Section 8.6: Managing User Data

In addition to the My Documents folder, Windows Server 2003 allows you to create home folders for users to store their personal documents. You can locate all users' home folders on a client computer, or in a shared folder on a file server, or in a central location on a network server.

Storing all home folders on a file server provides the following advantages:

• Users can gain access to their home folders from any client computer on the network.

• The backing up and administration of user documents is centralized.

• The home folders are accessible from a client computer running any Microsoft operating.

8.6.1: Using User Profiles

A user profile is used to store the user's desktop environment, application settings, and personal data. User profiles maintain consistency for users in their desktop environments by providing users with the same desktop environment they had the last time they logged on to the computer.

Windows Server 2003 supports four types of user profiles:

• Default User Profile, which serves as the base for all user profiles;

• Local User Profile, which is created the first time that a user logs on at a computer and is specific to the local computer as it is stored on the computer;

• Roaming User Profile; and • Mandatory User Profile. Roaming User Profiles

An administrator can set up roaming user profiles to support users who work at different computers. This profile is stored on a network server so that the profile is available to user regardless of where the user logs on in the domain. When a user logs on, Windows Server 2003 copies the roaming user profile from the network server to the client computer running Windows Server 2003 at which the user logs on and consequently, the user always receives the appropriate desktop settings and connections.

When a user logs on, Windows Server 2003 applies the roaming user profile settings to that computer. The first time that a user logs on at a computer, Windows Server 2003 copies all documents to the local computer. Thereafter, when the user logs on to the computer, Windows Server 2003 compares the locally stored user profile files and the roaming user profile files. It copies only the files that have changed since the last time the user logged on at the computer. This shortens the logon process.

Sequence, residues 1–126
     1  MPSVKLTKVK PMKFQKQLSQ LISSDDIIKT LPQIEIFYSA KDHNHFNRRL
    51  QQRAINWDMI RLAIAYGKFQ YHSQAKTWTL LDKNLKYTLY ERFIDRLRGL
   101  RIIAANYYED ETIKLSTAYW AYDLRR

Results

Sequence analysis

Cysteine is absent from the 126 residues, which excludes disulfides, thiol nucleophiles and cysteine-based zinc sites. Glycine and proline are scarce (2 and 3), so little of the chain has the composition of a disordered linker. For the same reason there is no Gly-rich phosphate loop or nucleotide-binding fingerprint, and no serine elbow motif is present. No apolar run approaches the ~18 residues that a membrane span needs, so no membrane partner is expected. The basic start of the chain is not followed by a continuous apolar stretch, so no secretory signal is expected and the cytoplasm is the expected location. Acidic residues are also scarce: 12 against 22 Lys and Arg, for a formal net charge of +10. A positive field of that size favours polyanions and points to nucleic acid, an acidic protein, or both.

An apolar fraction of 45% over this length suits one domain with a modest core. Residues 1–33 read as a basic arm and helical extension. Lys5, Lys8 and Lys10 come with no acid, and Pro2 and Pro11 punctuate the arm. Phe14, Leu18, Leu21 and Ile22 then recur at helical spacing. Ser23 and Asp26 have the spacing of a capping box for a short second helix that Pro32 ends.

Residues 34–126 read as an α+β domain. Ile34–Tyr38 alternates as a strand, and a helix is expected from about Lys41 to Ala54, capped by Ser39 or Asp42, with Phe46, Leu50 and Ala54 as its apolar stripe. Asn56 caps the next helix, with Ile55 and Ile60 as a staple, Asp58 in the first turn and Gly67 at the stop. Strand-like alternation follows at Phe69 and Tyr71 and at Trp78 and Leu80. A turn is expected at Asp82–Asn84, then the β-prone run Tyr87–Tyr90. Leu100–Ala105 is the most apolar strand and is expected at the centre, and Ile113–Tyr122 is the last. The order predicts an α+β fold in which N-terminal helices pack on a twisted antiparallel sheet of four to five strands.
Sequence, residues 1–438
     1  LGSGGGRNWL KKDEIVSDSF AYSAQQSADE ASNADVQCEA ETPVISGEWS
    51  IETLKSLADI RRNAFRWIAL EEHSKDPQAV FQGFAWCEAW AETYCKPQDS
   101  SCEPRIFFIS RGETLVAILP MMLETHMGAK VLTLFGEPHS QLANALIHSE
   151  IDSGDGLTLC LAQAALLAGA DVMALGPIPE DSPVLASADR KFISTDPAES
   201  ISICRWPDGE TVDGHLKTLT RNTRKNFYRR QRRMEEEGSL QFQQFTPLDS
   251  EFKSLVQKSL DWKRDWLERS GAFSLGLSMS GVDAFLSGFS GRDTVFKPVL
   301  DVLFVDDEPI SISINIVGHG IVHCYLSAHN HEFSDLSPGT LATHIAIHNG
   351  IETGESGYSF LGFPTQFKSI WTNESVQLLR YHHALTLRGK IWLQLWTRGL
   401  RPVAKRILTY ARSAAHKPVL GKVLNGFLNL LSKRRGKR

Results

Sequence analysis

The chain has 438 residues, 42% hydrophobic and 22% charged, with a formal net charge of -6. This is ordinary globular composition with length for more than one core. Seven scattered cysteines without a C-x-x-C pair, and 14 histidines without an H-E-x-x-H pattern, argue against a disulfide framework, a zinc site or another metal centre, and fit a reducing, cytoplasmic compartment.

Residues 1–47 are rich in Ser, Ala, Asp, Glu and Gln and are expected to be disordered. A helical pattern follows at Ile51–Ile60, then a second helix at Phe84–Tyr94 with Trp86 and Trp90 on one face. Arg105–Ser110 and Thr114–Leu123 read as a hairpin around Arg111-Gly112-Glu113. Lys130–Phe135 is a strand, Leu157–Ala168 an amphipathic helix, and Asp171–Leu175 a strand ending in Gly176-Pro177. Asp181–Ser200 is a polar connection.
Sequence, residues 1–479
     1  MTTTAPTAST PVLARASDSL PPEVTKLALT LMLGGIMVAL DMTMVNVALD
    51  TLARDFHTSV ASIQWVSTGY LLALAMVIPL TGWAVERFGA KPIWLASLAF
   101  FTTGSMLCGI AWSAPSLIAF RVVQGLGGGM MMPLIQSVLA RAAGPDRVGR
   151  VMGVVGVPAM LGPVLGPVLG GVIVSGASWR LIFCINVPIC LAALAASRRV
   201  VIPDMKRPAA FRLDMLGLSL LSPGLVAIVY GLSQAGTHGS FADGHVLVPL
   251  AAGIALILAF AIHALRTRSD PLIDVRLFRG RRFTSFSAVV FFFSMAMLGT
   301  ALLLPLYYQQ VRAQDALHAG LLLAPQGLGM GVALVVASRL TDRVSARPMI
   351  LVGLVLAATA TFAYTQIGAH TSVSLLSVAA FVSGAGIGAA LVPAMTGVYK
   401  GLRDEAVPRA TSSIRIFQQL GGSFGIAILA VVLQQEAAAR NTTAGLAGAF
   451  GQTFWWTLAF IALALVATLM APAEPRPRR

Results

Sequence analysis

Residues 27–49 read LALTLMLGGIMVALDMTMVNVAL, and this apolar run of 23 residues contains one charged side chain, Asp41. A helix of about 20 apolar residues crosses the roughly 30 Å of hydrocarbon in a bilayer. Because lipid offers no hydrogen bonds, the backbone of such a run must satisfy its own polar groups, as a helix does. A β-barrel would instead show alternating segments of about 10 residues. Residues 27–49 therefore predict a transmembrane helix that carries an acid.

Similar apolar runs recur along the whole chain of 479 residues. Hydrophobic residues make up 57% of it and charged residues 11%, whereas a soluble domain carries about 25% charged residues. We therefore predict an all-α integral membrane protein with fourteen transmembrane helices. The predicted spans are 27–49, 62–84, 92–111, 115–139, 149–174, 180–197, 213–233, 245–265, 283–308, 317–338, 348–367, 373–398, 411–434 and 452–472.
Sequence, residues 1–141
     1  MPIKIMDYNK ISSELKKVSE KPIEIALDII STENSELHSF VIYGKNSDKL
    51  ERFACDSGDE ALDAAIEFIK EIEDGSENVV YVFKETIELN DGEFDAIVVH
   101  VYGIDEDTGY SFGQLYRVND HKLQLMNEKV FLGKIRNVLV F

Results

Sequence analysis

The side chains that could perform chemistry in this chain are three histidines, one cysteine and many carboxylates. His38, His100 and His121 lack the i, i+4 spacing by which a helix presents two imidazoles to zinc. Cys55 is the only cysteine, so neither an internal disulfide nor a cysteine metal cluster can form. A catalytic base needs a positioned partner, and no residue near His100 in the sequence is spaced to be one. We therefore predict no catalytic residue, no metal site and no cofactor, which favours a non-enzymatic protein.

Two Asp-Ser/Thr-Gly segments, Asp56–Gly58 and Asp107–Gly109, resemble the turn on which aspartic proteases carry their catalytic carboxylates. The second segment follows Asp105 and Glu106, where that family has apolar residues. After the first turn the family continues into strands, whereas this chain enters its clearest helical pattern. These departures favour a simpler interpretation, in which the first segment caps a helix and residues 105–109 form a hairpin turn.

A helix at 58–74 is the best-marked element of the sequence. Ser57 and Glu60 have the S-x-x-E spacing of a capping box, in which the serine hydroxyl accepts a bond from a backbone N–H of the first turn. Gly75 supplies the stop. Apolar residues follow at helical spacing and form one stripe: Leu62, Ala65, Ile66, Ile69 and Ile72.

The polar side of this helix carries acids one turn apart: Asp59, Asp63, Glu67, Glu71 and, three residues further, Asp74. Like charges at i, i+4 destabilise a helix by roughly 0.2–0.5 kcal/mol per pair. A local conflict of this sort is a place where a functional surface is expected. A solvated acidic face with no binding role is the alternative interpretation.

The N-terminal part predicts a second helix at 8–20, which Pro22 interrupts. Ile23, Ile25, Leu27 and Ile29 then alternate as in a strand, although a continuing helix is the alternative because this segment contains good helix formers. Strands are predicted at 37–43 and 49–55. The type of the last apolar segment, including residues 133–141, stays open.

When a user logs off from the network, Windows Server 2003 copies changes that were made to the local copy of the roaming user profile back to the server where it is stored. Mandatory User Profiles

A mandatory profile is similar to a roaming user profile except that it does not save any changes a user made to the profile when the user logs off from the network. It is thus a read-only roaming user profile. Windows Server 2003 allows an administrator to assign one mandatory user profile to multiple users who require the same desktop settings. This means that when the administrator changes one profile, he or she changes the desktop environment for several users.

The Ntuser.dat file, which is a hidden file located in the folder that contains the profile, contains that section of the Windows Server 2003 system settings that applies to the individual user account, and the user environment settings. By renaming the file to the administrator makes the file read-only and thus mandatory.